Chinese stocks in the U.S. fell the most in two weeks as slowing export growth and a warning by Moody’s Investors Service on Europe’s outlook added to signs the region’s debt crisis may further damage China’s economy.
The Bloomberg China-US 55 Index of the most-traded Chinese stocks slumped 2.4 percent to 96.82 at the close in New York, extending last week’s decline. E-Commerce China Dangdang Inc., the nation’s largest online book retailer, sank 5.2 percent after a 12 percent surge last week. China Life Insurance Co. plunged 5.7 percent to $37.55, 5 cents less than the Hong Kong shares. Internet media company Sina Corp. slid 5.5 percent to a 13-month low.
China’s export growth slowed to the weakest since 2009, excluding distortions in January and February each year. Shipments to the European Union countries, China’s biggest market, rose 5 percent from a year earlier, a quarter of the pace in July and August. Moody’s said it’s reviewing the ratings of European Union countries after last week’s summit didn’t produce measures sufficient to stem the debt crisis.
“The signs across the board seem to point to weak economic growth down the road,” Zhang Zhiwei, chief China economist at Nomura Holdings Inc., said in an interview on Bloomberg Television. “Industrial production is slowing, investment is slowing, now exports are also slowing.”
The Hang Seng China Enterprises Index, which tracks Chinese companies listed in Hong Kong, slid 0.1 percent yesterday. The Shanghai Composite Index of domestic shares fell 1 percent to the lowest close since March 20, 2009. The measures have plunged this year on mounting concern that Chinese monetary policy and Europe’s debt crisis are slowing growth in the world’s most populous nation.
China Mobile Discount
China Mobile Ltd., the world’s largest mobile-phone company by subscribers, dropped 1.1 percent to $47.94, the lowest closing price in two weeks. The American depositary receipts, each worth 5 ordinary shares, trade at a discount of 9 cents compared with the Hong Kong shares, the most among companies in the Bloomberg index.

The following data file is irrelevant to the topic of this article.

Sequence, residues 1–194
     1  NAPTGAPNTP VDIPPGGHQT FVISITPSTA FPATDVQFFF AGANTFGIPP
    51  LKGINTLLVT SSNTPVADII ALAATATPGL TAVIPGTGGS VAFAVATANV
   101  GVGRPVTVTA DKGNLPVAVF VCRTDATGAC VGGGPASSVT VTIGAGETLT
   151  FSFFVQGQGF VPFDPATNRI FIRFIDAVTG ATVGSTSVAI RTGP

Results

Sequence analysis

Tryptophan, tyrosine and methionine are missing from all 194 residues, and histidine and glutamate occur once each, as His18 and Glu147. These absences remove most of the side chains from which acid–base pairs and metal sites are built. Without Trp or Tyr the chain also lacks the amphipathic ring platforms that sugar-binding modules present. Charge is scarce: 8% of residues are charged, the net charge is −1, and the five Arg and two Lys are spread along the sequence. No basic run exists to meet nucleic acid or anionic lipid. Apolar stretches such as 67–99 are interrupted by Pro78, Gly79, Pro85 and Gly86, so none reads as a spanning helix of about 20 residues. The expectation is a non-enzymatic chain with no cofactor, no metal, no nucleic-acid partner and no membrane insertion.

Cnooc Ltd., China’s largest offshore oil producer, and PetroChina Co., the country’s second-largest oil producer followed oil lower. Crude oil for January delivery fell $1.46 to $97.95 a barrel on the New York Mercantile Exchange, the lowest settlement since Nov. 25. PetroChina slid 3.4 percent to $120.33, the lowest in two months. Cnooc fell 3.8 percent to $186.64, 2 cents less than the Hong Kong shares. Each ADR is equivalent to 100 ordinary shares.
The IShares FTSE China 25 Index Fund, the biggest Chinese exchange-traded fund in the U.S., fell 3.7 percent to $34.94. The Standard & Poor’s 500 Index slipped after two weeks of gains, losing 1.5 percent.
Exports from China rose 13.8 percent in November from a year earlier, the customs bureau said over the weekend. Sales to Germany, Europe’s biggest economy, fell 1.6 percent, while shipments to the European Union gained 5 percent from a year earlier, a quarter of the pace in July and August.
China Real Estate Information Corp. slid 6.3 percent to $4.00, the biggest drop in the China-US index. The Shanghai-based company provides real estate information and consulting.
China will maintain its “unswerving stance” on property-market regulation next year to return housing prices to a “reasonable level,” the official Xinhua News Agency reported on Dec. 9 after the market closed, citing a meeting of the Communist Party’s Politburo chaired by President Hu Jintao.
The decision of the 25-member body that oversees policy-making came before a work conference that sets economic guidelines for the coming year. That event started yesterday, according to Xinhua.
Chinese stocks in the U.S. trade at 12.5 times estimated 2012 earnings, compared with a ratio of 10.9 in Shanghai.
“Valuations are very, very attractive” for Chinese companies, Catherine Yeung, investment director at Fidelity International, said in an interview on Bloomberg Television. She recommends consumer and technology companies.
The Chinese yuan strengthened 0.1 percent to 6.3606 per dollar in Shanghai, according to the China Foreign Exchange Trade System. The yuan has advanced 3.9 percent this year, the best performance among Asia’s 10 most-traded currencies excluding the yen.